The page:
In an actual assembly, it is difficult to fix a lens holder eccentric to a receptacle and a laser package eccentric to a lens holder within tens of micrometers of tolerance. The assembly would invite incompatibility among assembly time, yield, and performance. Namely, it would take a long time to assemble the modules of high performance with high yield. Otherwise, if we tried to assemble the products in a short time, the performance would degenerate.

Furthermore, in the modules of inclining axis type, the coupling between a receptacle and a lens holder will incur asymmetric region of welding. In FIG. 6, the upper side of a welding region is much wider than that of the lower side. Such imbalance will deeply impair the strength of welding. Thus, the defaults of the inclining optical axis type are the difficulty of assembly and the mechanical fragility.

One purpose of this invention is to provide a semiconductor laser module immune from the defaults of prior ones. Namely, the semiconductor laser module of this invention is easy to assemble. The mechanical strength is sufficient. The fluctuation of performance is little. Frequent repetitions of putting on and taking off ferrules incur no decline in performance. In short, the laser module of this invention excels in reliability and cost.

SUMMARY OF THE INVENTION

The semiconductor laser module of this invention comprises a semiconductor laser, a lens for converging light beams emitted from the semiconductor laser to an optical fiber, a receptacle for holding a ferrule on an end of an optical fiber, and a transparent block with imparallel surfaces disposed between the lens and the ferrule with a gap before the ferrule for prohibiting the reflection light from the surface of the fiber end from returning to the laser.

This invention is akin to the key-shaped block type with regard to the use of an asymmetric transparent block. But it differs from the prior art on the gap provided between the glass block and fiber.

In the semiconductor laser module, the beams emitted from the laser are converged by the lens, pass through the asymmetric transparent block, are refracted and enter an end of the fiber with slanting incidence. The gap between the block and fiber lets the surfaces of the block and the fiber reflect the beams. Because of the slanting incidence, the reflection deviates from the optical axis in the direction reverse to the incident beams. The reflection beams draw a different path. It does not return to the laser. The laser is safely protected by the block from the reflection noise. Instability of oscillation of laser can be avoided by the transparent block in this invention. The improvement is derived from the fact that the reflection beams do not return to the laser as the incident beams enter the fiber end obliquely with non-zero angle. The rear surface of the block also reflects the beams. But the surface also inclines to the beams. The reflection light does not go back to the laser.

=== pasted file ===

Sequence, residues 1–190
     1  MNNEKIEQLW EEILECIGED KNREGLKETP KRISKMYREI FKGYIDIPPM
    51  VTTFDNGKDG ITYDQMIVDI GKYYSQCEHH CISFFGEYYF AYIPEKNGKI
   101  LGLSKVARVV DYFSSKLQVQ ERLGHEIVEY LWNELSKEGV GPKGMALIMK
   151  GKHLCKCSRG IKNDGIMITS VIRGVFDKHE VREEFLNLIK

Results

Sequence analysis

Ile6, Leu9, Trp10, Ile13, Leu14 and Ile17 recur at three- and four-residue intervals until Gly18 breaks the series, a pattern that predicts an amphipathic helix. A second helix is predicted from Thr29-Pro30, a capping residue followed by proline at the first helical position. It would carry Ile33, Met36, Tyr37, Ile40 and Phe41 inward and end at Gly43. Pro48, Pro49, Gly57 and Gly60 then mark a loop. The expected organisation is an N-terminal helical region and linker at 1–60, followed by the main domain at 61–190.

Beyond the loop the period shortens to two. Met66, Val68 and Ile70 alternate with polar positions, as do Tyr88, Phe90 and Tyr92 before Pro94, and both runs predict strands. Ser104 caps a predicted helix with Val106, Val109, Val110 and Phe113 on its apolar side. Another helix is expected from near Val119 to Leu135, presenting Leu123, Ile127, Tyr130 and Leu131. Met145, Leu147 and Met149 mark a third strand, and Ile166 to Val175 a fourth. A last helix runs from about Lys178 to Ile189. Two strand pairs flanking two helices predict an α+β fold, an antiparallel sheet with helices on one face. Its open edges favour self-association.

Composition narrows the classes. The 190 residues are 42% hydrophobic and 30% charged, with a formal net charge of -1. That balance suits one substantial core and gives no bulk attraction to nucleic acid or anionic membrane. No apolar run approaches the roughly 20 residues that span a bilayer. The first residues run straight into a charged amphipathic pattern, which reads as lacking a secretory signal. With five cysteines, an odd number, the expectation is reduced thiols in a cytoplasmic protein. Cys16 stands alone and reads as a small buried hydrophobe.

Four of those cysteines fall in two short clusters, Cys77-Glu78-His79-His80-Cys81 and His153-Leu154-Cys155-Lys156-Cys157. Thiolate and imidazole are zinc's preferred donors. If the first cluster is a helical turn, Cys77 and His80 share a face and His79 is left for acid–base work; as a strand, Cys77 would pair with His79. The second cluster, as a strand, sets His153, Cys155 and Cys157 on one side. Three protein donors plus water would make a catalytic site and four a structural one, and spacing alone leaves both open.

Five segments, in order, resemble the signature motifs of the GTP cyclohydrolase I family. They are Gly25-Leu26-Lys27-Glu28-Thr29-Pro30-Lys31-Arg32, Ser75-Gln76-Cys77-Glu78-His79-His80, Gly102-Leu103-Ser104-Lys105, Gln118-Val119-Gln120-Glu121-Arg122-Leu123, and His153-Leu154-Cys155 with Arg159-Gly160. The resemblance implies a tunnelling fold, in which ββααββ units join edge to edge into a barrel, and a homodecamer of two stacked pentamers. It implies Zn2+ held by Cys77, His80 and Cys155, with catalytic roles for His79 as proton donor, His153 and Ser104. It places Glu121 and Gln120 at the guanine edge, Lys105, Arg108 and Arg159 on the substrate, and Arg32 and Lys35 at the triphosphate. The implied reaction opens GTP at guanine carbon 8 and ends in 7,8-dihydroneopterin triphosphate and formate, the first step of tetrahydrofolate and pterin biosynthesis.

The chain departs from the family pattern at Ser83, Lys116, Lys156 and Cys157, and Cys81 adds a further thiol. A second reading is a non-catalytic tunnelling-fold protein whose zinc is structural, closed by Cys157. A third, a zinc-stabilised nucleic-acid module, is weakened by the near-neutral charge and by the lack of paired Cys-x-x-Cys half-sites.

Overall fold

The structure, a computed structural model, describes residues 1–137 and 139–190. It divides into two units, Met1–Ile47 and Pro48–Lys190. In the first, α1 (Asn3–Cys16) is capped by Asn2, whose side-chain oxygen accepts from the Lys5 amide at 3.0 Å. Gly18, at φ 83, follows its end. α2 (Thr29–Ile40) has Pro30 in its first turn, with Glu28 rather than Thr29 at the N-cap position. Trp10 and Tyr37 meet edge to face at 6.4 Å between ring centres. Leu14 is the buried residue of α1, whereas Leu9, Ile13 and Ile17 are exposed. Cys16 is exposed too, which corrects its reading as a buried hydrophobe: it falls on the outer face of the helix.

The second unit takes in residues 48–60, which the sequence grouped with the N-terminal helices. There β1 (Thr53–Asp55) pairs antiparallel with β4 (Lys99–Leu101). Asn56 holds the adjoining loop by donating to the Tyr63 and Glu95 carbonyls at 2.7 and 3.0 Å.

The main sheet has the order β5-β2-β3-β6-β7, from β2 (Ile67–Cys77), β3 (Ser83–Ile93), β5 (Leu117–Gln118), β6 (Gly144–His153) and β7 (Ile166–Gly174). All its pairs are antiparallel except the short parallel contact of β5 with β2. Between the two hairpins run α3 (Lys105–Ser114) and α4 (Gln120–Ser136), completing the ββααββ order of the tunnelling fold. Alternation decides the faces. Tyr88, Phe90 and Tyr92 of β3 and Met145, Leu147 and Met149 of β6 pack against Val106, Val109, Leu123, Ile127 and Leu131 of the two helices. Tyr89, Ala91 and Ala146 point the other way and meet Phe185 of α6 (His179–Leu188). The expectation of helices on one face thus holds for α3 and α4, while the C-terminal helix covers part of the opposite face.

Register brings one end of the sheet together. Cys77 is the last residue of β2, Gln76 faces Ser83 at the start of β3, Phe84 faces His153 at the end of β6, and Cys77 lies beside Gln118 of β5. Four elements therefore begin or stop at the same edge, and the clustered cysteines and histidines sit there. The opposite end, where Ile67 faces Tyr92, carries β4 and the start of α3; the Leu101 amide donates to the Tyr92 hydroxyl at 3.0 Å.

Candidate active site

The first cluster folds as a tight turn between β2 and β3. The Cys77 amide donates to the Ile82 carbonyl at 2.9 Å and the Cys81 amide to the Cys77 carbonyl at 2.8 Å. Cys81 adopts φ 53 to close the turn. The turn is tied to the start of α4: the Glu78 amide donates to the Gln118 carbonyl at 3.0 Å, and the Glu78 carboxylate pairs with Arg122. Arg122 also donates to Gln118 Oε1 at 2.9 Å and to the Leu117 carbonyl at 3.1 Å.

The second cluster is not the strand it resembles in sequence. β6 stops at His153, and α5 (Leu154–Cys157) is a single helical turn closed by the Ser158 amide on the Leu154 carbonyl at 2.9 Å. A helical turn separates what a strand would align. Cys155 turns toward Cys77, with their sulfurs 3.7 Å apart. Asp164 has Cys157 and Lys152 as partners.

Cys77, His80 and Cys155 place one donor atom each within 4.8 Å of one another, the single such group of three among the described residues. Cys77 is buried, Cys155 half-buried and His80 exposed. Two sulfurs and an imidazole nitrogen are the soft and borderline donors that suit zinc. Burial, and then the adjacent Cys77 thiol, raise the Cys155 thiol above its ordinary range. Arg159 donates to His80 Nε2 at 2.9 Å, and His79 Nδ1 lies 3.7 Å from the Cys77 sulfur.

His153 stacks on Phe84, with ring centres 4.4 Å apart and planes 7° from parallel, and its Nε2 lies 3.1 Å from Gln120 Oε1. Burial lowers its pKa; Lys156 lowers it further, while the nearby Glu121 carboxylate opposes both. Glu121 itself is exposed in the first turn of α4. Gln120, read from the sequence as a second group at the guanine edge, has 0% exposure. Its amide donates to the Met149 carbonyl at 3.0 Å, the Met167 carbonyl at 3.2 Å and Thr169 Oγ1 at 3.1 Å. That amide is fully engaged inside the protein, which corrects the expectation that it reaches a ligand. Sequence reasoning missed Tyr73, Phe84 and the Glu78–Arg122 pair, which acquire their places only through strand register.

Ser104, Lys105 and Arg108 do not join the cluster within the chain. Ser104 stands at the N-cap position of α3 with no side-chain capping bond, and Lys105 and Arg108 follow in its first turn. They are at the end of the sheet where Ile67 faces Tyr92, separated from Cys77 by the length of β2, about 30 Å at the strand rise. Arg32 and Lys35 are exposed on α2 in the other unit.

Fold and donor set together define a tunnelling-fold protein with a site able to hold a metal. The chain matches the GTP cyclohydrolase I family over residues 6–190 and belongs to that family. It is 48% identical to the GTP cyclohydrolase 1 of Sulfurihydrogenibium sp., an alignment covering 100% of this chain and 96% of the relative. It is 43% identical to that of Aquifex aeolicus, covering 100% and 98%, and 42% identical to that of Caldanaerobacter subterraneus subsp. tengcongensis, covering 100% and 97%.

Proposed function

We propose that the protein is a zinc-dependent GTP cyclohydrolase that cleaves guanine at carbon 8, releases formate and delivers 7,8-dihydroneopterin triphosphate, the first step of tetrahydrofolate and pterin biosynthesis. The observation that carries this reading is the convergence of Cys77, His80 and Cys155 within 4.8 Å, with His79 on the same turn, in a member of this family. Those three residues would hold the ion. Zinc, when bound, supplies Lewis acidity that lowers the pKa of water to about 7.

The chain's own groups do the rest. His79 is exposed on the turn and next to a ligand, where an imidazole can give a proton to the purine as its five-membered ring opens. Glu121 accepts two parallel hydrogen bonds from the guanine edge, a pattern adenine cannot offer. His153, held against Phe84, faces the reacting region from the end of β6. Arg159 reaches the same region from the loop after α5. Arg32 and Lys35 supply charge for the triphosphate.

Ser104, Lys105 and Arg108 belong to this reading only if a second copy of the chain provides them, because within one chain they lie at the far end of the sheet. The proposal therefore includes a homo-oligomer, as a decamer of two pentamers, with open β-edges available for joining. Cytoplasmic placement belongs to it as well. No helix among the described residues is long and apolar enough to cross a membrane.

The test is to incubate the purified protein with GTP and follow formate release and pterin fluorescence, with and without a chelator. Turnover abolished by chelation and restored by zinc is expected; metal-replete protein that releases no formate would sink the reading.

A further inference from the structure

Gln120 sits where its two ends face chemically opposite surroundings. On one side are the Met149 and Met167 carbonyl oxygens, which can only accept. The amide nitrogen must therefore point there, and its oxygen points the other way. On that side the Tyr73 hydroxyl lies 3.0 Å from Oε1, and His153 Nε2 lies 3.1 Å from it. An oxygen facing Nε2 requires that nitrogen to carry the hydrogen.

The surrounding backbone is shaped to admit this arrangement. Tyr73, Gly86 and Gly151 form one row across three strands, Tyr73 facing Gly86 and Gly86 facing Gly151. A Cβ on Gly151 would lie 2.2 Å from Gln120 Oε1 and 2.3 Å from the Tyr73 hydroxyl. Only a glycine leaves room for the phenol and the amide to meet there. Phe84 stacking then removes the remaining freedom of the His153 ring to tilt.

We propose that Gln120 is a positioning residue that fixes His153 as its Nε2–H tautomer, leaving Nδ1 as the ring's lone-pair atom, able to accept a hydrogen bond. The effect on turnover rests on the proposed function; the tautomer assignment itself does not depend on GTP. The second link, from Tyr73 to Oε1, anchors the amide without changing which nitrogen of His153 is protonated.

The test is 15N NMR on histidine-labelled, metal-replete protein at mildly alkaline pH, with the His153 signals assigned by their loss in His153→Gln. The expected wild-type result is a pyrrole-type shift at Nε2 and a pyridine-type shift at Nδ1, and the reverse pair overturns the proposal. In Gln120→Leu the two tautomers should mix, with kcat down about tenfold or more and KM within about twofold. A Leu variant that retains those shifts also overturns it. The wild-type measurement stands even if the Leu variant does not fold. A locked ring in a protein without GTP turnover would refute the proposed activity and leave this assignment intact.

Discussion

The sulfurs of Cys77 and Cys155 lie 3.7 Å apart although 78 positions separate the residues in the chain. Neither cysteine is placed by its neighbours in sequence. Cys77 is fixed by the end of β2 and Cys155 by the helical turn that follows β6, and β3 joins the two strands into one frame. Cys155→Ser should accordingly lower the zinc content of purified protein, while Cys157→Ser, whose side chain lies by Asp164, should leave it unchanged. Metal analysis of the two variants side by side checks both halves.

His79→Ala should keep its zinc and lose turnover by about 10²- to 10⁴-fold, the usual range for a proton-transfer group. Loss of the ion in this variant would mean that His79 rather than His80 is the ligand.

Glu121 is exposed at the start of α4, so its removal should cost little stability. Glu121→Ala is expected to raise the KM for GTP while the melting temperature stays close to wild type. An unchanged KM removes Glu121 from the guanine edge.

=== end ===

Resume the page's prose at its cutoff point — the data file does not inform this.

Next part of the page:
The module keeps the block separate from fiber ends. A gap remains between the block and fiber end in the state of coupling. The repetition of putting on and taking off ferrules does not incur contamination of the block by dust, e.g. cotton flakes, metal powder, etc. Of course, there is some dust in the axial hole. But the dust does not adhere to the block, because it is not pressed to the block by a ferrule. The gap prevents the dust from adhering to the block. The tight contact of ferrules to the glass block forces the dust into adhering to the block in the prior improvement of key-shaped block type. On the contrary, this invention allows the dust to be free in the gap. The block is not contaminated by the dust, even if some dust is produced by abrasion of receptacle or is inhaled from the external space.

The other advantage is easy assembly without eccentric welding which requires high precision. The incident angle of beams to the fiber is determined by the refractive index of the transparent block and the inclination angle between the front surface and the rear surface of the block. A first optical axis (m) drawn from the laser to the lens slightly deviates from a second optical axis (n) of the fiber axis. But the deviation Δ is small enough. The lens holder can align with the receptacle nearly coaxially. The coaxial welding ensures mechanical strength of the coupling between the receptacle and the lens holder.

Advantages of the invention will now be explained. This invention provides a transparent block with imparallel surfaces between a lens and ferrule with a gap in order to prevent the reflection beams from entering the laser. Although the forward path and backward path are different in order to eliminate the possibility of entry to the laser of the backward beams, the laser, lens and fiber can be aligned nearly in a straight line with only a small deviation. The alignment of the receptacle, laser package and lens holder alleviates the difficulty of welding. The gap between the block and ferrule prevents the dust there from cohering to the block in spite of many of repetitions of putting on and taking off ferrules. No adhesion of dust to the block keeps the performance of the module in an optimum state. The instability is not induced even by long-term use with frequent repetitions of putting on and off of ferrules. The stability of laser diode heightens the reliability of the module. The structural feature that a laser, lens holder and receptacle can be aligned nearly along a straight line enables us to assemble them easily, because the adjustment and welding become simple. The strength of welding is also reinforced by symmetric welding unlike the prior art shown by FIG. 6. Thus, this invention excels in performance, reliability and manufacturing of semiconductor laser modules.